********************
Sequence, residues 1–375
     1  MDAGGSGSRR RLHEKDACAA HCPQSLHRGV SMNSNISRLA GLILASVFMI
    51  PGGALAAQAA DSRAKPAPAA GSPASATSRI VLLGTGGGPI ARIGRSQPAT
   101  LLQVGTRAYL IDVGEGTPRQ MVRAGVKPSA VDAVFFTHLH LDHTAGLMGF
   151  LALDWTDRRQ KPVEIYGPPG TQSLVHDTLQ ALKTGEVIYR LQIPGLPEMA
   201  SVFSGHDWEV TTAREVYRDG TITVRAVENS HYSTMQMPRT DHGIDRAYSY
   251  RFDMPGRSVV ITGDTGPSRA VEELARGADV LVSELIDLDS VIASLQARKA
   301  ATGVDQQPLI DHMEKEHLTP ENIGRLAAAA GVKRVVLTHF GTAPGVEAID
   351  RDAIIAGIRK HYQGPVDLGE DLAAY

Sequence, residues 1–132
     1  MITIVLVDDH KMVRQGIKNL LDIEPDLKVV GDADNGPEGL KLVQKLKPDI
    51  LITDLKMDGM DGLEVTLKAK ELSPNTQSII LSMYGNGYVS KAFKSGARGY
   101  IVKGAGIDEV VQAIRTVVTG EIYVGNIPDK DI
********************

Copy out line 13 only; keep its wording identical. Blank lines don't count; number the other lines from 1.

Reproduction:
   101  IVKGAGIDEV VQAIRTVVTG EIYVGNIPDK DI